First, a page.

Property tax deadline put off till Oct 31 over Covid unease

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The construction and real estate sectors have seen strong growth in recent years. Hong Menea

The deadline for payment of 2021 property taxes has been extended from the usual September 30 to October 31 in light of the Covid-19 situation, and the typical penalties will apply to late payments made from November 1, according to the General Department of Taxation (GDT) on September 28.

The GDT provided a similar extension last year as well, as companies and auditors grappled with the effects of the pandemic.

The regulator suggested using their GDT Taxpayer App – available on Android and iOS 11.0 and above – to pay property taxes in order to save time and effort, as well as minimise the risk of spreading the novel coronavirus.

The GDT said it “strongly hopes that during this tax deferral period, all property owners will move quickly and declare their taxes on time, as scheduled,” the letter added.

The finance ministry unit reported 11.70052 trillion riel ($2.89 billion) in tax revenue last year, up 423.20 billion riel or 3.73 per cent compared to 2019.

Hong Vanak, director of International Economics at the Royal Academy of Cambodia, stressed that taxes are an important source of revenue for most countries, and that lagging collection affects project developments and productivity in the administrative sector.

Along with business taxes and those on other bases, real estate constitutes a key source of fiscal revenue, he said, adding that the deadline extension would mean additional funds for state coffers.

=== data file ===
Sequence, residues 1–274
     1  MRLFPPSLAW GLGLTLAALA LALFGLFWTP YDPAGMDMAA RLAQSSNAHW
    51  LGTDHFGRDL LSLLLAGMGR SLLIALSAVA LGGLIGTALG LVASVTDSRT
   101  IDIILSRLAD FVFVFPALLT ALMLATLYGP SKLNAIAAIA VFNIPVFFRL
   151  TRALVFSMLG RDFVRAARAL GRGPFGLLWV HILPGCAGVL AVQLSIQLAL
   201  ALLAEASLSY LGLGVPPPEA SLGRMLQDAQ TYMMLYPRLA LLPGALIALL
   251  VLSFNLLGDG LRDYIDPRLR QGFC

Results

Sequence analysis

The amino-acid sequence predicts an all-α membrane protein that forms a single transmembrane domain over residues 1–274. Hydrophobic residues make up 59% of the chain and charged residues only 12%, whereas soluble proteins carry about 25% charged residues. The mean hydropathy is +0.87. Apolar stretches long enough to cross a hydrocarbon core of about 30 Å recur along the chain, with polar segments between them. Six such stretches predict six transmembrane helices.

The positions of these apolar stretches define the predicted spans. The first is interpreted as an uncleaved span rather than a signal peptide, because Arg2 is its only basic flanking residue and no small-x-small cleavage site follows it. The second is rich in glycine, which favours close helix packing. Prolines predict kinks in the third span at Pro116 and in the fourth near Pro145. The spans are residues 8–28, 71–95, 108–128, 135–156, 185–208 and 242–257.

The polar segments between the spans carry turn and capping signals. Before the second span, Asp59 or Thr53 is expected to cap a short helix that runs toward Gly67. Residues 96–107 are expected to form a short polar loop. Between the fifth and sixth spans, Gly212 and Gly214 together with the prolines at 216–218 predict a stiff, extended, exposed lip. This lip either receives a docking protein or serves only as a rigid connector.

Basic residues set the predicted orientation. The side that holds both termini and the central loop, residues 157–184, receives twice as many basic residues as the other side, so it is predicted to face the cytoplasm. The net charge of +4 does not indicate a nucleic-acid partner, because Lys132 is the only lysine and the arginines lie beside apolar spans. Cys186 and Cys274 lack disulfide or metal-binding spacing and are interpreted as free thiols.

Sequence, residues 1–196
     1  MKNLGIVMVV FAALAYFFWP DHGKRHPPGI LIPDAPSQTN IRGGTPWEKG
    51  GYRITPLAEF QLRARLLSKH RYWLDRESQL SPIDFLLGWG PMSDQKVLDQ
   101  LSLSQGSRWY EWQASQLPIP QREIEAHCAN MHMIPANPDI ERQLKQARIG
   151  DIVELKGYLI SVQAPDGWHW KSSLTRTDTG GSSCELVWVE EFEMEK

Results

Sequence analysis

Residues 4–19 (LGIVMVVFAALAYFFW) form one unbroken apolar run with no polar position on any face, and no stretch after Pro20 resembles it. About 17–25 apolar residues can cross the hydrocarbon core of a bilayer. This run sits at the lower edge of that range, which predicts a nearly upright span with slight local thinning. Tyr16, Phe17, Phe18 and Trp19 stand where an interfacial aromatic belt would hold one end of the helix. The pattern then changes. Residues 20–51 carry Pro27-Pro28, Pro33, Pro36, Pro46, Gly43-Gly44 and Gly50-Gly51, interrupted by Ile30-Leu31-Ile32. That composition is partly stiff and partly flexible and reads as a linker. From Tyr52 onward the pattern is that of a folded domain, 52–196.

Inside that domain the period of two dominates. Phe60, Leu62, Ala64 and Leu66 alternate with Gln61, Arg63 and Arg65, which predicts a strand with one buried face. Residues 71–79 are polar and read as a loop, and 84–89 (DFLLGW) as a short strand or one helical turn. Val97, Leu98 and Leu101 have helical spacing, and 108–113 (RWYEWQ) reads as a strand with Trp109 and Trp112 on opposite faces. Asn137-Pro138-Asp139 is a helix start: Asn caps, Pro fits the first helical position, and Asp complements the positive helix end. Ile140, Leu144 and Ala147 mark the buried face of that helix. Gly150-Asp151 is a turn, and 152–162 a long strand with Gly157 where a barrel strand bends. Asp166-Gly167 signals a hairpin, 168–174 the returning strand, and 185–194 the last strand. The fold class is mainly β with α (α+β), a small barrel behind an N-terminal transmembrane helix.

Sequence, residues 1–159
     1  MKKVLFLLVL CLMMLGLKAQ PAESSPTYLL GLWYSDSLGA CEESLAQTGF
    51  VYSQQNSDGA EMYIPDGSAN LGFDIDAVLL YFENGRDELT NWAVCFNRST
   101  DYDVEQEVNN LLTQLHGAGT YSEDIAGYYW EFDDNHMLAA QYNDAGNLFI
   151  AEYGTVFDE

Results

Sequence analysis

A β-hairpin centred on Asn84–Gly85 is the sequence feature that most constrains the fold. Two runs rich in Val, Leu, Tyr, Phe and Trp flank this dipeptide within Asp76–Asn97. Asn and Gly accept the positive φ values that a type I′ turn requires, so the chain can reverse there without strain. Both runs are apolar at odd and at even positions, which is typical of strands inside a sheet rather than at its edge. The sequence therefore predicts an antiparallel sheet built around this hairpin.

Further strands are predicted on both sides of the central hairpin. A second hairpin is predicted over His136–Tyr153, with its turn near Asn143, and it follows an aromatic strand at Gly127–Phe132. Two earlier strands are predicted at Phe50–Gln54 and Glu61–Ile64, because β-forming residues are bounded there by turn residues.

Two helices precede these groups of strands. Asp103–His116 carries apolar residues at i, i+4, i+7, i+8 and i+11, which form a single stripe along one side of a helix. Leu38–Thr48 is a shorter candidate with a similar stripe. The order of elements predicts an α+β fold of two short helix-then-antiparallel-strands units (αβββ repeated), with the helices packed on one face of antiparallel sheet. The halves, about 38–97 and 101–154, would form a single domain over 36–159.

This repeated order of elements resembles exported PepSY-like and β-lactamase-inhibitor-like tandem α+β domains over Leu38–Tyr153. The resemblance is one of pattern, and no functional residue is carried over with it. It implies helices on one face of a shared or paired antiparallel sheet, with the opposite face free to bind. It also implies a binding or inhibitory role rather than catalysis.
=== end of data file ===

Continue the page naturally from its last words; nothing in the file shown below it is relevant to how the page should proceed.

“This delay is just an additional opportunity for those who were unable to pay their taxes on time, but tax collection in this sector [property] is still not perfect,” he told The Post.

Vanak said tax collection policies in Cambodia associated with real estate lack clarity and transparency, which requires the authorities to issue updates and other changes to provide a greater level of coherence.

This is particularly urgent when it comes to construction settings such as project type and height, as well as legal or other statuses of the underlying area, he added.

“The construction and real estate sectors have seen strong growth in recent years, so tax revenue from this area will also increase accordingly with appropriate updates,” he said.

Global Real Estate Association president Sam Soknoeun shared Vanak’s view that the GDT’s decision will mean more revenue for the state, saying the move will benefit those who are late on their payments, or simply forgot.

He suggested that a considerable number of property owners are frankly unaware of their tax obligations.

“This tax is mandatory, but some people are just not interested.”